Issues in housing were a major contributor to the global financial crisis. However, austerity measures implemented since 2008 have not resolved the issues.  

In Ireland, a quarter of borrowers are paying over 60% of their income in mortgage repayments. This is double the level of payments that would be considered to make housing “affordable”, and significantly impacts people’s ability to purchase the other goods necessary for a decent standard of living.

There has also been a peak in defaults and foreclosures since the financial crisis. The rate of US home foreclosures soared to over 200,000 per month in 2009. More recently, there were 801,359 properties with default notices, scheduled auctions and bank repossessions in the US in the first half of 2013. That is a remarkably high number of people who must experience the distress of losing their home.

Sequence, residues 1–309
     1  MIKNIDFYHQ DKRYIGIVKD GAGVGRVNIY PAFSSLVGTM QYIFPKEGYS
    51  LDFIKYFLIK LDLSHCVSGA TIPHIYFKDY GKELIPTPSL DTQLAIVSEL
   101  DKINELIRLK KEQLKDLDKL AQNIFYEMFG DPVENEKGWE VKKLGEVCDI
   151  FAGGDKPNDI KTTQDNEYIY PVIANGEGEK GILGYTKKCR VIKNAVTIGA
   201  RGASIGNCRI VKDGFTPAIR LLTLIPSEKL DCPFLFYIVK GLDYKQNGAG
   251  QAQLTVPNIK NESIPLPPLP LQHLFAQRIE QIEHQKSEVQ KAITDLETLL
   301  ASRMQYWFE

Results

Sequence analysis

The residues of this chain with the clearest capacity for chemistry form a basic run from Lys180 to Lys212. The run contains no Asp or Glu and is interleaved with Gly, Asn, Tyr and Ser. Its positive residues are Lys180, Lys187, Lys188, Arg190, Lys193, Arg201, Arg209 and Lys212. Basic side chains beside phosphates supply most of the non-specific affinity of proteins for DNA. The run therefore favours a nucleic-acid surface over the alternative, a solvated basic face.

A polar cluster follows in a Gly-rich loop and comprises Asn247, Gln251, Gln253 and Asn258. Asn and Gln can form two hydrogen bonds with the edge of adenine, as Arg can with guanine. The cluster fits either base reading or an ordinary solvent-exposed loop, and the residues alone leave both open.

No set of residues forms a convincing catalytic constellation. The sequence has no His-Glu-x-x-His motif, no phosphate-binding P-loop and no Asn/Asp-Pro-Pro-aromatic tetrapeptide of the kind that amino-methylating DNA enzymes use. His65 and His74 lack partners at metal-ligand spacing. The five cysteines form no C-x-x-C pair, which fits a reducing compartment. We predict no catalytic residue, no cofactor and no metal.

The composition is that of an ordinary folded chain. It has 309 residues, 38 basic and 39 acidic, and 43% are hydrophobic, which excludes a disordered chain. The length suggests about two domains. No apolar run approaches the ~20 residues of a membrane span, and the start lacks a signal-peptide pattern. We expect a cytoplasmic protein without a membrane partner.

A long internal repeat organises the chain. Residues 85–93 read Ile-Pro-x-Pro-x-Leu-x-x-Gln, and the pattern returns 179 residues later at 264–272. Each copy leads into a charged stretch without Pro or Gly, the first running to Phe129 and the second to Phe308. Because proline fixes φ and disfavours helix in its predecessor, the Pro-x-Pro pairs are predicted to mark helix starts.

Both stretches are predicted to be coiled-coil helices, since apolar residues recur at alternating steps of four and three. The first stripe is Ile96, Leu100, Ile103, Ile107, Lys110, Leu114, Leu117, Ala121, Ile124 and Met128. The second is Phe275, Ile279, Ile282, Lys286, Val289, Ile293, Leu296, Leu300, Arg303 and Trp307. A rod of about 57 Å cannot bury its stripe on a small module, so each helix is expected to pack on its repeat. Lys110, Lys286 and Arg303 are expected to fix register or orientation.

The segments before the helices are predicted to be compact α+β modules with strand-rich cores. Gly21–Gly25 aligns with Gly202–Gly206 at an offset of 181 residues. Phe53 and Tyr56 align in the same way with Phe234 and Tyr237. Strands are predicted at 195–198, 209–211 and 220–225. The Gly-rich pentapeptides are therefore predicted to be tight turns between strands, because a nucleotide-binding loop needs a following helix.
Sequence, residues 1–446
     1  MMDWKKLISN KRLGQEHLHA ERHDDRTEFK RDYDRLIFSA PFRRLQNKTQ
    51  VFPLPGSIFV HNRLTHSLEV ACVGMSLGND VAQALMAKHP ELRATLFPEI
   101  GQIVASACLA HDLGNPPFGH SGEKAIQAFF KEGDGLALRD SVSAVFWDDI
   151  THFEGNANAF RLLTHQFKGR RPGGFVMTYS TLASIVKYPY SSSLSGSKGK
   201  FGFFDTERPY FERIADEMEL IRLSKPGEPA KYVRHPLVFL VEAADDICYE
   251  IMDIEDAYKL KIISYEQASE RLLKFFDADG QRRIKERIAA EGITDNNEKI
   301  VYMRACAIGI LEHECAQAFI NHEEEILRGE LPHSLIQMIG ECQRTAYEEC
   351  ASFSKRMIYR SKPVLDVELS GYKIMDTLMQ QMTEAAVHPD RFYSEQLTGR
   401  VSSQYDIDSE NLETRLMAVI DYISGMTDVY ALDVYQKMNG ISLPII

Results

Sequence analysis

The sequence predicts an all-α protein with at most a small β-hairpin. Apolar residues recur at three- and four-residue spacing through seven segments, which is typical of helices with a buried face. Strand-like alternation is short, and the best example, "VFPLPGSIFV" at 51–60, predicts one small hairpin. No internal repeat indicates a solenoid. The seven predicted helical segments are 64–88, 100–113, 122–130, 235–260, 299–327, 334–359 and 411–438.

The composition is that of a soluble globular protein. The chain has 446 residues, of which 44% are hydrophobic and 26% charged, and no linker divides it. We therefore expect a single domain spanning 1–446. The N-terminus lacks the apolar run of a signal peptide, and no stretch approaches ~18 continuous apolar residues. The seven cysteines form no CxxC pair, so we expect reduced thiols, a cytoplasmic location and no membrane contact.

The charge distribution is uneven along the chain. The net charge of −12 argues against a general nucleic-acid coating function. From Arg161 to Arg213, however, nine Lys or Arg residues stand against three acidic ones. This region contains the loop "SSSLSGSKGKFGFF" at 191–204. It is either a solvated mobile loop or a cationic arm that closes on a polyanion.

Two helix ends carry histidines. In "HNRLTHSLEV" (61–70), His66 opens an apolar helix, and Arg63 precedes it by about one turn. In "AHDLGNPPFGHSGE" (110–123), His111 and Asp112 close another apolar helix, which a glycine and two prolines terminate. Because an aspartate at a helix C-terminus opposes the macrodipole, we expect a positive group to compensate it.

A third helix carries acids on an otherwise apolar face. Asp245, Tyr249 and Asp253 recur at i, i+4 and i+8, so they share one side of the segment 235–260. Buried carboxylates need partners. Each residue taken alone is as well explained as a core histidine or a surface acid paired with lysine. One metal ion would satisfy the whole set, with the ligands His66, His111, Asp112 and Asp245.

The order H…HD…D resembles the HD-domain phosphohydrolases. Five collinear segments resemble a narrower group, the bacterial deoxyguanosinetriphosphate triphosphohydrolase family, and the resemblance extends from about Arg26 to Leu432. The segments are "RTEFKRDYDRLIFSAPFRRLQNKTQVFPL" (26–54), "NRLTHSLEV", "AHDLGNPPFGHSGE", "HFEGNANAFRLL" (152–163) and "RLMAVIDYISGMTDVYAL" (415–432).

In many austerity-driven economies, a considerable percentage of mortgages are in negative equity (where the house’s market value falls below the outstanding amount on the mortgage). In Ireland  this is the case for 31% of mortgages, in Spain it is 24% , in the US 21.5%, and 10% in the UK. This condition will set homeowners back years with the repayments on their mortgages.  

Austerity measures on housing, including the lack of a government spending on homelessness, and the stopping of the National Rental Affordability Scheme, will see more and more people in Australia losing their homes and becoming homeless.